Population Growth and Future Generations’ Rights

Arguments in favour of a restricted population growth have often been put forward when scientists come up with a theory. Such a theory usually goes along these lines: an unrestricted growth of population will deprive future generations of the same opportunities that the current generation enjoys. Rights of unborn future generations would be severely impaired if we don’t impose some limits on the number of babies that families can have. Natural resources will eventually dissipate and future generations will be doomed. So they say.

Let us have a closer look at the problem. First, it is the State that causes the problem since it provides social benefits to some people who then have larger families than they would have otherwise had. This has severe consequences. By providing social benefits to people who refuse accepted standards of behaviour (e.g. the Romani people), the number of these people grows and cultural standards change. Therefore, natural evolution of culture is distorted.

World governments then go on to take some necessary measures to slow down the process of dissipation of natural resources in the name of saving natural and cultural heritage for the  next generations. State action sometimes takes a form of a family planning policy such as the one-child policy introduced in China.

However, the problem besetting such arguments is that there are no rights of future generations. Surely, if parents give birth to a child they are obligated to raise him as best they can. But rights have only meaning with regard to individuals since only they can argue and defend their rights. There is no such entity as a future generation.  Since only individuals can exercise rights, the whole concept of rights of future generations is thus rendered meaningless.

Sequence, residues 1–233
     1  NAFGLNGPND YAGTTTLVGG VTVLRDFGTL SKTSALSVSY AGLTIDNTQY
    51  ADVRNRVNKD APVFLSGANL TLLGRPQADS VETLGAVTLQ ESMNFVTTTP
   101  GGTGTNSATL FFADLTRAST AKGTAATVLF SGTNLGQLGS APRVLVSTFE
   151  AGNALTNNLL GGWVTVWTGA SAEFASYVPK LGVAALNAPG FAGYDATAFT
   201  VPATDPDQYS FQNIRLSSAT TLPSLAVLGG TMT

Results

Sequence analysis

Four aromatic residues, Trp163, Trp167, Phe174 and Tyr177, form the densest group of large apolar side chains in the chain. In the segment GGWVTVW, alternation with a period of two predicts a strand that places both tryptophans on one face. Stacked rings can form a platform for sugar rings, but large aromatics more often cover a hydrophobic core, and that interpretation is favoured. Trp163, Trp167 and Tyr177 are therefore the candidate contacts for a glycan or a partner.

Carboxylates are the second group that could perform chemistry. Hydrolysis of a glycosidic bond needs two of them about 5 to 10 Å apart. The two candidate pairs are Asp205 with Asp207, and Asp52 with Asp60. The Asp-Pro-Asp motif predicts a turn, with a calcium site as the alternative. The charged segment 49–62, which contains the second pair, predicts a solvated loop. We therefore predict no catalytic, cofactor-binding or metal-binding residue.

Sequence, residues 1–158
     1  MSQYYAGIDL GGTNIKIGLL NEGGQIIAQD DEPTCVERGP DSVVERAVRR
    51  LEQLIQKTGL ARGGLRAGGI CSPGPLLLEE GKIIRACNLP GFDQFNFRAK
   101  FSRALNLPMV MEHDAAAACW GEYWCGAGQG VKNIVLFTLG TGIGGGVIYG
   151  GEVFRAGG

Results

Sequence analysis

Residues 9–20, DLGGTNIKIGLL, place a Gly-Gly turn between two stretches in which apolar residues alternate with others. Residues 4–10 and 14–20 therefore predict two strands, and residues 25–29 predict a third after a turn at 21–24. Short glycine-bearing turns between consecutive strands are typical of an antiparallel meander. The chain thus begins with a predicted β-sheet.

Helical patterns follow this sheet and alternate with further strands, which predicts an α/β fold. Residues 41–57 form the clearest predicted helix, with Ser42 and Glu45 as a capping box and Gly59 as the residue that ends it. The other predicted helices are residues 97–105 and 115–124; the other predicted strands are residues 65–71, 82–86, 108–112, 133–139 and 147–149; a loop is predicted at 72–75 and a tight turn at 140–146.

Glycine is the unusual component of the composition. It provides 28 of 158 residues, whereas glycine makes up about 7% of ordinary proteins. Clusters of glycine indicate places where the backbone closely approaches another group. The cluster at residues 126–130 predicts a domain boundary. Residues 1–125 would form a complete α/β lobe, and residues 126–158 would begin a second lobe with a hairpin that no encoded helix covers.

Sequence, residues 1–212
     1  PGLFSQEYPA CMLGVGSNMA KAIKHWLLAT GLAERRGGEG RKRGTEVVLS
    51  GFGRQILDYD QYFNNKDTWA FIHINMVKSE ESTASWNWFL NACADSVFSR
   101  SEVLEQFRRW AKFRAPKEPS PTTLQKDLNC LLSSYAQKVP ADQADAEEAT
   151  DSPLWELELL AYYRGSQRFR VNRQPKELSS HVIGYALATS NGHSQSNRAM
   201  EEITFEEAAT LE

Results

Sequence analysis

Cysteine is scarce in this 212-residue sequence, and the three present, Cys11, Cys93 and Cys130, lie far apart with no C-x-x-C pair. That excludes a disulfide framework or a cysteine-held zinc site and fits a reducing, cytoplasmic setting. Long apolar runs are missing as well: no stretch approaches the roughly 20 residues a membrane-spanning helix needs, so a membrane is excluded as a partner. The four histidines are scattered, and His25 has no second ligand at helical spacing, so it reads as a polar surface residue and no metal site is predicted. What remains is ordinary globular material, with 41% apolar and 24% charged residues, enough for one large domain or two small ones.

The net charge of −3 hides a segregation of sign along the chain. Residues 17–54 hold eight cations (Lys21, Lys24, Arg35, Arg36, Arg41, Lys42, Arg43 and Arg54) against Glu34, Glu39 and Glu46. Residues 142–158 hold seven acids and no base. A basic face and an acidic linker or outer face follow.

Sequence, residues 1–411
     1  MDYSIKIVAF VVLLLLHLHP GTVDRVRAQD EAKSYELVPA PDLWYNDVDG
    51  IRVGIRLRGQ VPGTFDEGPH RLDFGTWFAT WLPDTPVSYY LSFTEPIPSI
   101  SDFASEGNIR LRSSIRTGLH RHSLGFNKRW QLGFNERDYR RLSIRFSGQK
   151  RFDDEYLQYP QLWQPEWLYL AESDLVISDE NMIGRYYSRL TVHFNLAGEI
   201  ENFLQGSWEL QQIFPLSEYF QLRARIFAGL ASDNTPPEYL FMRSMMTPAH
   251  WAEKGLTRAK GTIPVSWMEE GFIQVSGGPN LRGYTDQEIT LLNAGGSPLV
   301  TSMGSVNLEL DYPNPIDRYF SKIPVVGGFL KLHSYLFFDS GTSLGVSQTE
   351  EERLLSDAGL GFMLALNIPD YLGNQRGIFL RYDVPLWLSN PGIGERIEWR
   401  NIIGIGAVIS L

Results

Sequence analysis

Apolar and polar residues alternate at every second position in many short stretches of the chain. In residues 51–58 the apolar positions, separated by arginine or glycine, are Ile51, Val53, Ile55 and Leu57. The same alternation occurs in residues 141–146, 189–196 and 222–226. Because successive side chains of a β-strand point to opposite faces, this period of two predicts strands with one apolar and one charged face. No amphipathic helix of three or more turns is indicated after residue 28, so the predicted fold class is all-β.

There is absolutely no reason to think that State action is the right answer or solution to this problem. On the contrary, by restricting the number of babies that families can have the State prevents successful families from procreating, thereby reducing numbers of people, who offer jobs, take care of the needy and protect the environment. The provision of social benefits to people who do not accept “traditional” standards of behaviour results in a sudden cultural change and social riots are inevitable.

It was Hayek who pointed out that a society based on the recognition of property rights will secure an order of peace. He writes: “This order is often based on the delimitation of territorial ranges or ‘property’, which serves not only to eliminate unnecessary fighting but even substitutes ‘preventive’ for ‘repressive’ checks on the growth of population, for example, through the male who has not established a territory being unable to mate and breed.”

Thus, it is the State that is the cause of the so-called population growth problem. If we adopt a truly libertarian view, this problem vanishes into thin air.

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